November 2020, Vol. 247, No. 11

Features

Beneath the Bustling City, Pipelines Operate Largely Unnoticed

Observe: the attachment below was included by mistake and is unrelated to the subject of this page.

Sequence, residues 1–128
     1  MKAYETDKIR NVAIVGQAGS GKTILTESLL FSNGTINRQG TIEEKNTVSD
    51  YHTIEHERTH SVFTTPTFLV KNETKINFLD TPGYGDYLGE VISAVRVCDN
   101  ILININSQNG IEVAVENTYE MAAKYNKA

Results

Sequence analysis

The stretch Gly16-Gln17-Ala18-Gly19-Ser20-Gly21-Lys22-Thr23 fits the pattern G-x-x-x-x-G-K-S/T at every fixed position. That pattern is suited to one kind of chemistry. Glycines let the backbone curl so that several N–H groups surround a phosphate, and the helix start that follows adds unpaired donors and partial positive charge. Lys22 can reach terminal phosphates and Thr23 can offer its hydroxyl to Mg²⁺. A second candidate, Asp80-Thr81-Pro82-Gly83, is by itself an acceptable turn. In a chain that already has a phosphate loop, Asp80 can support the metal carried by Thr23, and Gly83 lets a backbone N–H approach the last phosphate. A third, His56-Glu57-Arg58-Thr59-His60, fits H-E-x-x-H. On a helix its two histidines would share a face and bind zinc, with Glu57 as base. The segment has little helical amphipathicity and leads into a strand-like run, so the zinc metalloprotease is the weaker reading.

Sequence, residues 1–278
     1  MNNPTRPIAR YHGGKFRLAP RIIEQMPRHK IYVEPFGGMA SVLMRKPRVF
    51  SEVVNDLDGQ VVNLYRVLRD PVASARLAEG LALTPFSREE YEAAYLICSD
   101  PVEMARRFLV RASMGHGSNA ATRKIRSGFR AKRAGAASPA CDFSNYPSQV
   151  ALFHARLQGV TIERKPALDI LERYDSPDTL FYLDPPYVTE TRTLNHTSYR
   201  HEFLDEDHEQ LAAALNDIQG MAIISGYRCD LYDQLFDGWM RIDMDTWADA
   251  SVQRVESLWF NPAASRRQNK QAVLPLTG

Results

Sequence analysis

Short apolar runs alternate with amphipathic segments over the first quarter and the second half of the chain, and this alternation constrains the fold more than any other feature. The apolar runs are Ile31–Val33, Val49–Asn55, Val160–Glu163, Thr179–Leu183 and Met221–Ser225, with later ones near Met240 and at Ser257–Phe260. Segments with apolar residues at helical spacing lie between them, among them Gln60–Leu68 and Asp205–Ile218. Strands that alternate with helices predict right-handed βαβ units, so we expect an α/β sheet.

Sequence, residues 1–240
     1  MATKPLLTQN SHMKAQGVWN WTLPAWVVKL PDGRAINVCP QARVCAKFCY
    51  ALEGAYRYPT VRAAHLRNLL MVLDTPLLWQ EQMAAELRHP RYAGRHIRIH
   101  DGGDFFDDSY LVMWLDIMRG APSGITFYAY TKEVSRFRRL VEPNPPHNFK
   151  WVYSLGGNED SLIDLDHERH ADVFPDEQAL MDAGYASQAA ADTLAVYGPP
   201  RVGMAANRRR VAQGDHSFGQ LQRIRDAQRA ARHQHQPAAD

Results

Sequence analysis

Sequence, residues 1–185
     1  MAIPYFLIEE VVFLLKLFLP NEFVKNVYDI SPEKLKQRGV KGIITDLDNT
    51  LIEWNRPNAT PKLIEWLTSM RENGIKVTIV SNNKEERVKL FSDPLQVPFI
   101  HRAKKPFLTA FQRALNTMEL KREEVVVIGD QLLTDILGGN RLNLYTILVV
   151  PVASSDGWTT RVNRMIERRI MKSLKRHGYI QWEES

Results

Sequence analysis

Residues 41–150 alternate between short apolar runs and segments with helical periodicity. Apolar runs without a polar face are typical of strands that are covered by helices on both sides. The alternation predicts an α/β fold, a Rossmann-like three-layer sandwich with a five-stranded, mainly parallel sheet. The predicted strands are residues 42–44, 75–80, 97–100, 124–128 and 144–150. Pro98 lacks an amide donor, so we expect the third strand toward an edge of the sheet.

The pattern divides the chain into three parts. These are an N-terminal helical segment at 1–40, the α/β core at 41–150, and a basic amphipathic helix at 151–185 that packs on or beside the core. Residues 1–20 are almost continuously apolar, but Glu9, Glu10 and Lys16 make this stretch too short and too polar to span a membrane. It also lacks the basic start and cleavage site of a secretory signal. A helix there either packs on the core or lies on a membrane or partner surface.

By Danielle C. Roberts, Energy Writer  In St. Louis, the neighborhood of Compton Heights, with its ornate stone and brick homes, dates back to the late 1800s. In busy Minneapolis, the Beltline is a key artery traversed by hundreds of cars every day. One densely populated area in Las Vegas is packed with restaurants, including a popular Mexican eatery readying to celebrate Cinco de Mayo. Workers replace old pipes in a congested urban area. (Photo: CenterPoint) All are very different urban settings where gas pipeline construction might take place, each with its own challenges.   Within cities where traffic is never-ending, customers are

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